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I was quoted £250 for my daughter’s dream Barbie house but did it myself for £20 using old lollipop sticks & ham packets

A MUM, who was quoted £250 for her daughter’s dream Barbie house, has revealed how she made one herself using old junk for just £20.

Faith Sheppard, 31, a mum of two and beauty therapist from Bristol, wanted to buy her daughter a Barbie house for her birthday.

However, when she looked online, most doll’s houses cost around £250 - and were largely made of plastic.

Faith decided to make her daughter her very own Barbie house using an ingenious variety of recyclable products in her home.

She used everything from a used sushi box to an old packet of ham to create the stunning home for her daughter’s Barbies.

Best of all, the Barbie house cost her just £20 to make.

Faith told money-saving community "I came up with the idea when I wanted to get my daughter a Barbie house for her fifth birthday.

"I looked online for hours and I couldn't find what I wanted without it costing hundreds of pounds and everything was mostly plastic.

"Looking at the images of the Barbie houses I decided that I thought I could make one that would be bigger and last longer.

"I started to watch YouTube videos about miniature interior design and it gave me so many little tricks.

"I was inspired so I set about finding the main frame for the house.

“I found a pine cabinet with doors on Facebook marketplace that was just stored in someone's garden about three miles away from home.

"It was free and I knew it would be perfect!

"Once I had collected the cupboard, I then figured out how I wanted it to look inside.

“My husband made some shelves from wood that we already had in the garage.

"I went to a hardware store and got some wallpaper samples to decorate the walls.

“I also went to a local carpet shop where they allowed me to choose whatever I wanted from the skip for my flooring.

"So far it had cost me nothing.”

With no dent in her budget, Faith then set about making a few cheap purchases to bring the house together.

She said: "We already had primer and paint at home so I used that to paint the cupboard.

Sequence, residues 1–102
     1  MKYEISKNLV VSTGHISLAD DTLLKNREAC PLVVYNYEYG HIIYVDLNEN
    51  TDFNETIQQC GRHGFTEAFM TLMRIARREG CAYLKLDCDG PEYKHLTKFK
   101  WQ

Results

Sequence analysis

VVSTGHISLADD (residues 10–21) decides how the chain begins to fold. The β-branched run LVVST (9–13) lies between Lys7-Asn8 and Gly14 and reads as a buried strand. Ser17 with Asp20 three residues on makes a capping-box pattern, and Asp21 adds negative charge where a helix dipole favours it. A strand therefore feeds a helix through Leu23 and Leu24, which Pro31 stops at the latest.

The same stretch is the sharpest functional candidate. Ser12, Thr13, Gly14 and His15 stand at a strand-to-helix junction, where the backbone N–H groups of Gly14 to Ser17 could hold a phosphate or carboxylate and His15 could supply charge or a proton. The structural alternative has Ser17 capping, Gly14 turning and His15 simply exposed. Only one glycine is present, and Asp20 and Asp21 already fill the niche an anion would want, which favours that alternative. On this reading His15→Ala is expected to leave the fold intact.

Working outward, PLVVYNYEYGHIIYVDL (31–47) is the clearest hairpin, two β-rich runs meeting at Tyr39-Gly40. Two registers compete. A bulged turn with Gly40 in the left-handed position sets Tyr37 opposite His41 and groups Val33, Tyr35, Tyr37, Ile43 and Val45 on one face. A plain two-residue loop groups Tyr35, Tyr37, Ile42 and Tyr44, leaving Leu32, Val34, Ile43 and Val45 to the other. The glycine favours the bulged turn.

"Once I had painted the whole thing, I ordered some vintage style handles from ebay that cost me £4 in total.

"I used hot glue gun to make all the handles and taps, and nail varnish to paint them.”

But Faith made her biggest savings by rummaging through her recycling bin.

"Lollipop sticks were used in almost every room of the Barbie house,” she says.

"I went around the house and found recycling that I could use.

“For example, the shower is made from a plastic sushi box and the shower screen is from a packet of ham.

"I was kindly given some Barbie house accessories and furniture that someone I know was getting rid of.

"I made the rest myself from anything we had lying around.

"I used fairy lights to create the lighting, washing up sponges covered in old fabric for cushions, tin foil for mirrors, and boxes for the kitchen.

"I added images of my daughter and family to give it a personal touch.

"It took me about two or three weeks of spending every evening from about 6.30 until 10 doing it.

"In the end the total cost of the project was £20!”

It's better than I could have hoped for and I am so excited to play with my daughter when she finally receives it for her birthday

Faith Sheppard

Faith is delighted with how her project has turned out, especially considering how much she could have spent buying a brand new one.

"I am so so happy with the way is has turned out,” she adds.

"It's better than I could have hoped for and I am so excited to play with my daughter when she finally receives it for her birthday.

“My main tips are to try and find a use for everything you are getting rid of.

"Old clothing can become bedding and cushions, plastic can become showers and sinks, toilet roll tubes can become fireplaces and so on.

"Use your imagination!

"We all know that we have a huge problem with landfill.

"By recycling and creating something from materials that we already have, we save money and don't unnecessarily add to the ever-growing mounds of rubbish.

"When she no longer plays with it I can convert it back into a cupboard!”

“This is an unimaginable amount of waste, and it can often seem like such a huge problem that we don’t even know where to start when it comes to helping the crisis.

“However, taking small steps can really make a huge difference.

“Faith’s project is a wonderful example of reusing and recycling rather than buying new and throwing away.

“Instead of buying a plastic doll’s house online, she reused someone’s old pine cabinet for free, and made household items that would have gone into the recycling bin into doll’s furniture.

“She’s not just saved herself money, but she’s helping to teach her kids eco-consciousness at a young age - and her lucky daughter will have a totally unique, bespoke doll’s house!"

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